A California class action lawsuit against Vogue International’s Organix brand could prove worrying for cosmetic brand holders, warns a law expert specializes in the cosmetics field.
According to Angela Diesch, an associate at California-based Greenberg Taurig believes the $6.5m settlement that followed the lawsuit could “have some worried about the direction in which litigation relating to ‘organic’ cosmetic claims is going.”
The lawsuit, Golloher, et al. vs. Todd Christopher International dba Vogue International, Vogue cites that Vogue used false and misleading marketing, advertising and labeling of the Organix skin and hair care brands by incorrectly labeling them as ‘organic’, in violation of California Law COPA 2003.
Mixing up the term ‘organic’ with a brand name is a no!
The plaintiff claimed in the lawsuit that Vogue used the terms ‘Organix’ and the word ‘Organic’ on the same labeling and advertising of the products in a misleading way.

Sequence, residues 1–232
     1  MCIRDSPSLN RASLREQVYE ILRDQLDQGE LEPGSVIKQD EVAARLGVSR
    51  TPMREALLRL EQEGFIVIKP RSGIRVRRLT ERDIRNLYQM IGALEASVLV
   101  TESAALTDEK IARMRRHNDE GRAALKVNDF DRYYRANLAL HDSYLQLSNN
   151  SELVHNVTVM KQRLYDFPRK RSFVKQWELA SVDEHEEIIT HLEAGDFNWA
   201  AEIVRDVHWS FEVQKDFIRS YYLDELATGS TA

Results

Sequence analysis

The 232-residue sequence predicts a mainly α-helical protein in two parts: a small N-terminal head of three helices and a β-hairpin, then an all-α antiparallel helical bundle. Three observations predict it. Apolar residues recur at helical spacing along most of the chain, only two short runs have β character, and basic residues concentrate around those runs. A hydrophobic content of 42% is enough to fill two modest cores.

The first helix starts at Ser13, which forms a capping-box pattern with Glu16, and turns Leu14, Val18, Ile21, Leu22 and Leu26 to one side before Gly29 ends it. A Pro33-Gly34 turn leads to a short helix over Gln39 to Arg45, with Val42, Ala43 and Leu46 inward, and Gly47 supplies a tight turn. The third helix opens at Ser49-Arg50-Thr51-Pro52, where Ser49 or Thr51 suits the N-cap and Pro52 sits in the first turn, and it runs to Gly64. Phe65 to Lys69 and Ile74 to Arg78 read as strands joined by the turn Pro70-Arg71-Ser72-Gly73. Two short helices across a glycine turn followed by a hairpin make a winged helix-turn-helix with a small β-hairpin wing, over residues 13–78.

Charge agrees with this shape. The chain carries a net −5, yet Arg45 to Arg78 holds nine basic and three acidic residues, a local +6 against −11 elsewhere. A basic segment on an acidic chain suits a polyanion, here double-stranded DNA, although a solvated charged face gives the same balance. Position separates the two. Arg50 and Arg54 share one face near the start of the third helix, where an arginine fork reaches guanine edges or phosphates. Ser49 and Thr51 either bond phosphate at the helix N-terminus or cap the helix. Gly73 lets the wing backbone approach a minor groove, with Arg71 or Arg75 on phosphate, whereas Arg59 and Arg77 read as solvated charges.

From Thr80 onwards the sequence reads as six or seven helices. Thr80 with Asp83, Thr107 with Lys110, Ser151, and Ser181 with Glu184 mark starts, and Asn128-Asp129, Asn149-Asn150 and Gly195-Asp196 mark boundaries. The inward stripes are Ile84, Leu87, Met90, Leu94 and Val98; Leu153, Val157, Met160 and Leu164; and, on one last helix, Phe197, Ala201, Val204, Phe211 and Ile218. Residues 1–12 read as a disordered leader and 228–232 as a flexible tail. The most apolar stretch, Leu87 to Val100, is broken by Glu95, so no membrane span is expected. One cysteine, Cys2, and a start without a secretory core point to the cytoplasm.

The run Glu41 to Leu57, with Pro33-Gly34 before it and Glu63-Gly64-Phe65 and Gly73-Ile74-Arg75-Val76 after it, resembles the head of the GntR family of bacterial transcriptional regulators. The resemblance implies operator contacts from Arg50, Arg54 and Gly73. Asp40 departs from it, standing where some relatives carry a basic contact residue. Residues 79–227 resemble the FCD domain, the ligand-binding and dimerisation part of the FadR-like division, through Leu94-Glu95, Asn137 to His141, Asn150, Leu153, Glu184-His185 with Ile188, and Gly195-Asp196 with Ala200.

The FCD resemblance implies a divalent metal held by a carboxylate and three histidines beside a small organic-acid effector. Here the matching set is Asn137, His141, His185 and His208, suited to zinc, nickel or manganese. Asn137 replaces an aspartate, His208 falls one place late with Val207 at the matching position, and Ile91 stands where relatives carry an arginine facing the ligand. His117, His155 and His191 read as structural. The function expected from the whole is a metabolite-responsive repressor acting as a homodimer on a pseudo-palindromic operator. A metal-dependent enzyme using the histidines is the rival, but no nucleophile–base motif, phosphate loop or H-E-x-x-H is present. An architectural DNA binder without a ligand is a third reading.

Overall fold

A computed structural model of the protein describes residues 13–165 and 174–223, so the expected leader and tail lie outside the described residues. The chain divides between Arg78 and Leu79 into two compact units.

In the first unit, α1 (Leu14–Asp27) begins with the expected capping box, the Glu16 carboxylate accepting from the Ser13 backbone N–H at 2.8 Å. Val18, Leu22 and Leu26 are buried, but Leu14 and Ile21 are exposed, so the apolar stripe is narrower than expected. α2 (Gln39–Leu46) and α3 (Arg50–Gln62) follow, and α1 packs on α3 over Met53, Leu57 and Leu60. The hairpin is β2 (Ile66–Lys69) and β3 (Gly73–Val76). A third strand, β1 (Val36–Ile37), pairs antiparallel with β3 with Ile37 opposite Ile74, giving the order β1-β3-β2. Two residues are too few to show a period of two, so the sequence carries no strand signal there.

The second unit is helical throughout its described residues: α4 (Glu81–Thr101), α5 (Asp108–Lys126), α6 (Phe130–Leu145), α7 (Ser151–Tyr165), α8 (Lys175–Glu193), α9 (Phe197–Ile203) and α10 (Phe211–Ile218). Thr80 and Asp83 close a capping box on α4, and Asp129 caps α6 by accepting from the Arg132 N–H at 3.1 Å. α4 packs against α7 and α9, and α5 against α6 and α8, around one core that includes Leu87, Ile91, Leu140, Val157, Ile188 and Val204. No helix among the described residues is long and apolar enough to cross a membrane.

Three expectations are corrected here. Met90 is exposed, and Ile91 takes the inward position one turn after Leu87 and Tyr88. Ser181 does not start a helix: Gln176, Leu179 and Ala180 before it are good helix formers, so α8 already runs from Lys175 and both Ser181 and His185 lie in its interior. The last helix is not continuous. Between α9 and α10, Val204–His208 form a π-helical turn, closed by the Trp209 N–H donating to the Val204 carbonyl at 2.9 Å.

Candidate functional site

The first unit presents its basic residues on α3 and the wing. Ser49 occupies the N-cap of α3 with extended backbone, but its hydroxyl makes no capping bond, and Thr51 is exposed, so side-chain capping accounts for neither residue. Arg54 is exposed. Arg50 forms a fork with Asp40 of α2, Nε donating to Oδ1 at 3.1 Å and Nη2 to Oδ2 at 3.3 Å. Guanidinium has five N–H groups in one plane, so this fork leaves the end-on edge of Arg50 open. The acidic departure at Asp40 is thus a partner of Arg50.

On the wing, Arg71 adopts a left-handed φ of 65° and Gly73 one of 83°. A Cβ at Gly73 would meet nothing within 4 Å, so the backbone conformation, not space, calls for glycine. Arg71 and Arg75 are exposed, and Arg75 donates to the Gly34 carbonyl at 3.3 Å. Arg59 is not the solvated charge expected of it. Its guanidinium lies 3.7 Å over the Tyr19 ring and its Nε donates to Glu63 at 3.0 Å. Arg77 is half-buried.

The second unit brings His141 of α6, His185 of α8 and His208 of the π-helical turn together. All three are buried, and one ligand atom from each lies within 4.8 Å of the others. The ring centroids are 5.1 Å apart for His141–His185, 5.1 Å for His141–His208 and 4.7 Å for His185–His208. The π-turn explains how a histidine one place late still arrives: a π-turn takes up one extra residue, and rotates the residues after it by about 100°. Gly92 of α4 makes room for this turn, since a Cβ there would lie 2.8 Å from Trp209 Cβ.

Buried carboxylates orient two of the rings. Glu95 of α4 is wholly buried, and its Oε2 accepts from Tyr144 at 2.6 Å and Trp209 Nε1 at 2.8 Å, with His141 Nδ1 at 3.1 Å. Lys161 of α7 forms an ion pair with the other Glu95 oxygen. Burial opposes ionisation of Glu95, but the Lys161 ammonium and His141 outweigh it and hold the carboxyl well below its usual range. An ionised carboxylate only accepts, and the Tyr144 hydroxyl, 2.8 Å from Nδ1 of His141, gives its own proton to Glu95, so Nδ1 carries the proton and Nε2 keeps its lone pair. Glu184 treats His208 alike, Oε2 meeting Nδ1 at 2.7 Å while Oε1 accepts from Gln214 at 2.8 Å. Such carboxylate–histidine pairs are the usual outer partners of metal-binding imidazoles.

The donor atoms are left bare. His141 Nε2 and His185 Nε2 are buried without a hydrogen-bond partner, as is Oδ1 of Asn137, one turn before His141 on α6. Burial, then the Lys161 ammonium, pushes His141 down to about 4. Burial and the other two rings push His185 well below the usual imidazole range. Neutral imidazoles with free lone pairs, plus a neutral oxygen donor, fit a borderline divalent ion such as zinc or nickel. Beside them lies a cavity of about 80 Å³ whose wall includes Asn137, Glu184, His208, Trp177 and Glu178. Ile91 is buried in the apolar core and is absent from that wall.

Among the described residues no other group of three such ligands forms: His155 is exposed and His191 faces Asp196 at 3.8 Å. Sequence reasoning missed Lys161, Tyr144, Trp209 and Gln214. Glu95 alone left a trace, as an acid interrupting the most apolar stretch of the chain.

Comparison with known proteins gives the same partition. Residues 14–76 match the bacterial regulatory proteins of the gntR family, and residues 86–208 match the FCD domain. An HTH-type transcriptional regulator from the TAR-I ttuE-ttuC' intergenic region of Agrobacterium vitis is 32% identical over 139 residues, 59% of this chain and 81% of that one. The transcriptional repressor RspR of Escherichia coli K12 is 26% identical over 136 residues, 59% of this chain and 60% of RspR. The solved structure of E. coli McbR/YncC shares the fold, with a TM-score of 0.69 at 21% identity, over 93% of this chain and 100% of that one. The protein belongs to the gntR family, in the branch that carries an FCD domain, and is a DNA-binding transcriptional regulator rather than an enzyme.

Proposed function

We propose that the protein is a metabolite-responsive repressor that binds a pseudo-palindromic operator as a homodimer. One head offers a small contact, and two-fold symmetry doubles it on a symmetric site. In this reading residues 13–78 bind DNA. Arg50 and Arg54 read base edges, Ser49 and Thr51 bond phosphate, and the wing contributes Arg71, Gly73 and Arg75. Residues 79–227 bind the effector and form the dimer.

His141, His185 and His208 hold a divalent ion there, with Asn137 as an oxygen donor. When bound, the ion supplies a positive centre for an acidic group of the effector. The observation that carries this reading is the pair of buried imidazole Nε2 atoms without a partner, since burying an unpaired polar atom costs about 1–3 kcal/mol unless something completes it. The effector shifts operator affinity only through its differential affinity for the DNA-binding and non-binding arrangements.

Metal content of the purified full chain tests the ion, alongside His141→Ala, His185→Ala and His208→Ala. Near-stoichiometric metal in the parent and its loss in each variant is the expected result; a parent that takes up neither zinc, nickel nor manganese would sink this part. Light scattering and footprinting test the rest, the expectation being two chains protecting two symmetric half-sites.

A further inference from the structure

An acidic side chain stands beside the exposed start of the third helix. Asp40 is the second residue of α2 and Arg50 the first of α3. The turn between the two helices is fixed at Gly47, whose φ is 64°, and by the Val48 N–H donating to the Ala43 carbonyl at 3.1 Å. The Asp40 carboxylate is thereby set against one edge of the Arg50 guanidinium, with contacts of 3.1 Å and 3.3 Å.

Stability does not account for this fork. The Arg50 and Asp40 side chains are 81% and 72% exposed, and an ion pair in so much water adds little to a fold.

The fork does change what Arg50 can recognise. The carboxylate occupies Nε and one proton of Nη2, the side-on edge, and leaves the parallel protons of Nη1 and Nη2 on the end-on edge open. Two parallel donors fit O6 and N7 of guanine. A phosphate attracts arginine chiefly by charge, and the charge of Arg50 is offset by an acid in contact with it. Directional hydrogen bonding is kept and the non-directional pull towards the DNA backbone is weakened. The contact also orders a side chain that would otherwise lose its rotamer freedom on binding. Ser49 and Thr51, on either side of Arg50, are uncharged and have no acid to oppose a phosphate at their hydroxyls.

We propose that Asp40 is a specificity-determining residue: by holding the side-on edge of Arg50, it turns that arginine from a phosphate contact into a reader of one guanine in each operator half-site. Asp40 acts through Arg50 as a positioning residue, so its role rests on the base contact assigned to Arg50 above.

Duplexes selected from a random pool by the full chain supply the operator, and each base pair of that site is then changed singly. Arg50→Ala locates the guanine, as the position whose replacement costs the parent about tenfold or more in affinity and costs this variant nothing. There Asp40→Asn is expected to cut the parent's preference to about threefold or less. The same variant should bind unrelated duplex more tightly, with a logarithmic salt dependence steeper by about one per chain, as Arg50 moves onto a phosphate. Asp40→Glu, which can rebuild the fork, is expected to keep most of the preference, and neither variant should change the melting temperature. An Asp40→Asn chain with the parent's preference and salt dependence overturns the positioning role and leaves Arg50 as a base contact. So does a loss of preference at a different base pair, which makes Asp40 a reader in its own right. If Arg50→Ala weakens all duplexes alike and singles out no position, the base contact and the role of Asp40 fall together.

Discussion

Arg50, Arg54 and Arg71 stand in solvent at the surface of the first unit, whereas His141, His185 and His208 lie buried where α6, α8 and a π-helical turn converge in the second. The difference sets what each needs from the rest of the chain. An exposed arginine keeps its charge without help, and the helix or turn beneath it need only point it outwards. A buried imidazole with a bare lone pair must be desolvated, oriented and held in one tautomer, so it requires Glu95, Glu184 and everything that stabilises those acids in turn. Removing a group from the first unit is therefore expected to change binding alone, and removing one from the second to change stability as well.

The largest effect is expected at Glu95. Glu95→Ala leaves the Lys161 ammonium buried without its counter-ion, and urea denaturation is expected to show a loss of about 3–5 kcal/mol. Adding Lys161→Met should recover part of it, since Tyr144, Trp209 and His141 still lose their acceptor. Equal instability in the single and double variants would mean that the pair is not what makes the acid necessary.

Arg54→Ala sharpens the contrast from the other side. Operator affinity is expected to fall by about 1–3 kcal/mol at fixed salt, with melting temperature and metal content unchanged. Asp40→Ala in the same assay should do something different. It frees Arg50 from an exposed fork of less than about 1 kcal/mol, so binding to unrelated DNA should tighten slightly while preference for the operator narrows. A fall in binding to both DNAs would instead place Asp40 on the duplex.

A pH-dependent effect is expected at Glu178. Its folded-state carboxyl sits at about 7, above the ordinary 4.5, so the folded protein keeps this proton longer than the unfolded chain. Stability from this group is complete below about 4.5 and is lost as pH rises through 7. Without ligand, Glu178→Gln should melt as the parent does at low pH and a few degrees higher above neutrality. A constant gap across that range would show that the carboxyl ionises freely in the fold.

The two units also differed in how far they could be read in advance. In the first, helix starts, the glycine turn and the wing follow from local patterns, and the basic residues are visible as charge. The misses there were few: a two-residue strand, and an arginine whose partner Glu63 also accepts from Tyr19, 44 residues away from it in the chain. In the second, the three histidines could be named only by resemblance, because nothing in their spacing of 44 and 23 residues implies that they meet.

But perhaps more seriously, the lawsuit also stressed that the ingredients used in the formulation of the Organix products in question were almost entirely composed of ingredients that are not organic.
According to current regulation standards, a cosmetic or personal care product must contain at least 70 percent organic content in order to make a valid claim as an organic-based product on labels or marketing and advertising campaigns.
Misleading claim costs Vogue International $6.5m
Vogue has agreed to make the $6.5m settlement, but the settlement still has to be approved as being fair and reasonable in another court hearing that is set for the end of September.
According to Diesch this is the first class action settlement for allegedly making false organic claims in a long time and is also the largest settlement ever seen in the US for this reason.
“Even more significant, however, is that it will also likely result in a new wave of lawsuits,” said Diesch, who added that company’s need to audit their labeling and formulas to ensure they are aligned.
“This settlement is evidence that even if something is not mandated by law, failure to comply with standards that are viewed by many as a requirement, even if they are generally voluntary in your industry, can result in a hefty pay out.”